Jethro Tull – Locomotive Breath

The song hits you like a sack of bricks when the piano intro concludes. It’s powerful, strong, and perfectly pieced together. It reminds me a little of Band On The Run (or the other way around)… as the song is in sections.

I’ve been posting songs, movies, and pop culture posts since 2017 but somehow I’ve missed posting anything about Jethro Tull. I thought today would be the day to correct that…the voice, guitar, and the flute…yea rock and roll flute. Ian Anderson wrote the song but it took a few tries to record it. Anderson explained to the band to imagine a boiler building up pressure until it explodes or a train going off the tracks after gaining speed. He said he wrote it about the overpopulation on Earth.

The song was released in 1971 on the album Aqualung. The song didn’t chart. It was re-released in 1976 and this time it was a different story. The song peaked at #62 on the Billboard 100 and #85 in Canada and has come a classic radio staple. The album Aqualung was huge… it peaked at #7 on the Billboard Album Charts, #5 in Canada, and #4 in the UK.

The song was recorded in pieces and put together and everything fell into place. I feel very safe in saying that it contains one of the best flute solos in rock…of course, that list is not long.

I will say this about Ian Anderson. Like David Byrne, Van Morrison, Freddie Mercury, Neil Young, and a few more…you know when Anderson opens his mouth to sing that it’s him…and very distinctive voice…and the best rock flute player ever!

Ian Anderson:  “When I wrote it, I wasn’t deliberately setting out to write a piece of music on a particular subject. But it evolved during the writing process into being not terribly specific but about the issues of overcrowding – the rather claustrophobic feel of a lot of people in a limited space. And the idea of the incessant unstoppable locomotive being metaphor for seemingly the unstoppable population expansion on planet Earth.

When I look at it today, it does, for me, become very crystallized in being a song about unmanageable population expansion. It’s something that concerns me even more today than it did back when I wrote it, when the population of planet Earth was only about two thirds of what it is today. So in my lifetime alone, we’ve seen an enormous increase in population, and an enormous increase in the degree to which we devour our limited resources. So the idea of population planning and management is something that I think we ought to be thinking about a lot more than we do. Does that mean I think we should sterilize everybody after the age of 30? No, of course not. The size of the family you want to have is going to be your choice. But, you should make that choice knowingly, wisely, and responsibly.”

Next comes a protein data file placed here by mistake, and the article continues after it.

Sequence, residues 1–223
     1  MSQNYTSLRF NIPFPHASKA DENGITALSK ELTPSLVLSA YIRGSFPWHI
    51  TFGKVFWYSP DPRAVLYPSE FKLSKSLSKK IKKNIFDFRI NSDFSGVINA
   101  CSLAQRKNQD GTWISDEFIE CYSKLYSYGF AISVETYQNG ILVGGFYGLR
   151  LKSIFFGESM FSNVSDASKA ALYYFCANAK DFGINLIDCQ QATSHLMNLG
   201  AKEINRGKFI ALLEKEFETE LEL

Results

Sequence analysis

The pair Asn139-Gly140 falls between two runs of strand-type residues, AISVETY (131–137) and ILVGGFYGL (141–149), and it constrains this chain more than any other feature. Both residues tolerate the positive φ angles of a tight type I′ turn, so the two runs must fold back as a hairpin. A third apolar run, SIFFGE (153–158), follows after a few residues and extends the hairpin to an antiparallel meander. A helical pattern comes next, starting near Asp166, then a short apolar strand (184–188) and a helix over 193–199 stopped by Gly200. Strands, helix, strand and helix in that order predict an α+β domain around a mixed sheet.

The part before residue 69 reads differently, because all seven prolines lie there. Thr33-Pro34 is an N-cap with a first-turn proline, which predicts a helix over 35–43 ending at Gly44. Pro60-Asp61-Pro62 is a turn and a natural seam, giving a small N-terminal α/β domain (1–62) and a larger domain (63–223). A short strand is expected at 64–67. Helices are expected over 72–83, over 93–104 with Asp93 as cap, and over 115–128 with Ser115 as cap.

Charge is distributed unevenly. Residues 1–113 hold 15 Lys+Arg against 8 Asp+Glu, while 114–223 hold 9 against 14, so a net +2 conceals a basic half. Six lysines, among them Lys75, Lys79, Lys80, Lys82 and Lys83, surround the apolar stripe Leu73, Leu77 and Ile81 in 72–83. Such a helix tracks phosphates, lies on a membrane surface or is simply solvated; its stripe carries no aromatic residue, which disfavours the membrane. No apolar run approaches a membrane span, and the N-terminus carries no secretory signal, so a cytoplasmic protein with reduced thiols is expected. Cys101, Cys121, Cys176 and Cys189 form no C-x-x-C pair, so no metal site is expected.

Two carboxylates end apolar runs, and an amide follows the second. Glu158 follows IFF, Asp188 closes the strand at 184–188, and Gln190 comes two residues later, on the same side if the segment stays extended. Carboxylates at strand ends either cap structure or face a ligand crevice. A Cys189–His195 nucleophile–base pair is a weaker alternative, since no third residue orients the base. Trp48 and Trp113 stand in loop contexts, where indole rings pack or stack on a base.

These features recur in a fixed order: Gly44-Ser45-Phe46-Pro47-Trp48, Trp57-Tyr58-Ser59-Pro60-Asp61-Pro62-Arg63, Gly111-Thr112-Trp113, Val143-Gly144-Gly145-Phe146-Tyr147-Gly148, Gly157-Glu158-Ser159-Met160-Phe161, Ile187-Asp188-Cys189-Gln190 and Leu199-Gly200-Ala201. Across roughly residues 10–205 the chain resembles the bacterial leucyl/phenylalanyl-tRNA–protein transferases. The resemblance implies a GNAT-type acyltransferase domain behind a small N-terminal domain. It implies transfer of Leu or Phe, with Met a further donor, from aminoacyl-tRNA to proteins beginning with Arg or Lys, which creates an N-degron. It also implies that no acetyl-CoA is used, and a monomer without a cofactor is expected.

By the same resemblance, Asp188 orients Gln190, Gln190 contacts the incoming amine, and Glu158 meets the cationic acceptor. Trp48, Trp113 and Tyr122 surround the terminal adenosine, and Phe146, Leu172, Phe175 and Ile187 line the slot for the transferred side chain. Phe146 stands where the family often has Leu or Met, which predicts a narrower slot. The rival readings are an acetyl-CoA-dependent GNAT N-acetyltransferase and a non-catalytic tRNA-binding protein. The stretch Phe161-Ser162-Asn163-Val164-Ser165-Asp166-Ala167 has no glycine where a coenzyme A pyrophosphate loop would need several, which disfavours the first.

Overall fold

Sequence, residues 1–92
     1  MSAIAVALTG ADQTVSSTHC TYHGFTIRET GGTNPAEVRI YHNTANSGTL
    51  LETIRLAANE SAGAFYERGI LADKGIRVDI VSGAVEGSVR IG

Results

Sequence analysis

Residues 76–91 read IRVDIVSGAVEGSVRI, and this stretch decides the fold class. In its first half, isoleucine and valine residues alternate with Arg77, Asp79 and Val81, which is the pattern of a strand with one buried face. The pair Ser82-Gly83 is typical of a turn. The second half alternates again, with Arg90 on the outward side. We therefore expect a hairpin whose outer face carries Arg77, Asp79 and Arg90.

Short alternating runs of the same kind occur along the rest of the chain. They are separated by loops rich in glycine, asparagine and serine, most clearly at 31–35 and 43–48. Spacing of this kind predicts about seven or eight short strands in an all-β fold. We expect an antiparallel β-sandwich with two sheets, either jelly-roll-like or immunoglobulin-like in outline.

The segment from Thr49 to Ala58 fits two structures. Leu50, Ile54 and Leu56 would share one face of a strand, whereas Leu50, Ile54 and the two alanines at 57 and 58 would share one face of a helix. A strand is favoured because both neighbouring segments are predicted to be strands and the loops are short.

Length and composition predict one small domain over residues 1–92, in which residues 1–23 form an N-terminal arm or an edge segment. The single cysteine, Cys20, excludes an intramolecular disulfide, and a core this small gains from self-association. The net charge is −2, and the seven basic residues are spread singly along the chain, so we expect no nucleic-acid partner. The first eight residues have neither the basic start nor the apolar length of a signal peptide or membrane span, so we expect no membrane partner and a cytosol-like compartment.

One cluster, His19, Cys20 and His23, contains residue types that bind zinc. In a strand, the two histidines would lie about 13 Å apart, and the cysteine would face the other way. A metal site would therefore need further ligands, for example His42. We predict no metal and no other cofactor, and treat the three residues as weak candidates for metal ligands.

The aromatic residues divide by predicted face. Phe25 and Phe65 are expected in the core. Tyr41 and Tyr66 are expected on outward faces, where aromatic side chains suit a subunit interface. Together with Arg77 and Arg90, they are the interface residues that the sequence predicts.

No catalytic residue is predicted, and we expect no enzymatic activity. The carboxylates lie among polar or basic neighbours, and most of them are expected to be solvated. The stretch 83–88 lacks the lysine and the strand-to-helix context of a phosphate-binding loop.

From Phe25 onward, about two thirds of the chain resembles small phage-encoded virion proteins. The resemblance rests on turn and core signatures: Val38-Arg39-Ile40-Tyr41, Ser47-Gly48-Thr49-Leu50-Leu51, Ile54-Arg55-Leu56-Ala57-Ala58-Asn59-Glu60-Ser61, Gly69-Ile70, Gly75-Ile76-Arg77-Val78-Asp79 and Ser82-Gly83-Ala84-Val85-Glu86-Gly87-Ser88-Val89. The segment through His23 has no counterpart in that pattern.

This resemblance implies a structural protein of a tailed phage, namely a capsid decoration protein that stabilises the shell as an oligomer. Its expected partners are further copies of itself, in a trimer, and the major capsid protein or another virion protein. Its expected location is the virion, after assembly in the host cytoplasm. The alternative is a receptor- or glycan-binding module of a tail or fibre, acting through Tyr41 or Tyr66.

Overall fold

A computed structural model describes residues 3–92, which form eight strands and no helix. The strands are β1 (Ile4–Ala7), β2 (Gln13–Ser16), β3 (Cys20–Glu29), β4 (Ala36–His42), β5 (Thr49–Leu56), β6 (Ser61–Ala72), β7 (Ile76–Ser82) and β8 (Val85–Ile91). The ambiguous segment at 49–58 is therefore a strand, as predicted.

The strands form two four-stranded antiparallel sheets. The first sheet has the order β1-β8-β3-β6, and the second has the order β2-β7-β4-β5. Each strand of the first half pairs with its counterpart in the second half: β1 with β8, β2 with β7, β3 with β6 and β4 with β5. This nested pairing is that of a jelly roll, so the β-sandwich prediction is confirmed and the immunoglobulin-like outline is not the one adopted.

Locomotive Breath

In the shuffling madness
Of the locomotive breath
Runs the all-time loser
Headlong to his death

Oh, he feels the piston scraping
Steam breaking on his brow
Old Charlie stole the handle
And the train it won’t stop
Oh no way to slow down

He sees his children jumping off
At the stations one by one
His woman and his best friend

In bed and having fun
Oh, he’s crawling down the corridor
On his hands and knees
Old Charlie stole the handle
And the train it won’t stop going
No way to slow down

He hears the silence howling
Catches angels as they fall
And the all-time winner
Has got him by the balls
Oh, he picks up Gideons bible
Open at page one
I thank God he stole the handle
And the train it won’t stop going
No way to slow down

No way to slow down
No way to slow down
No way to slow down
No way to slow down
No way to slow down
No way to slow down
No way to slow down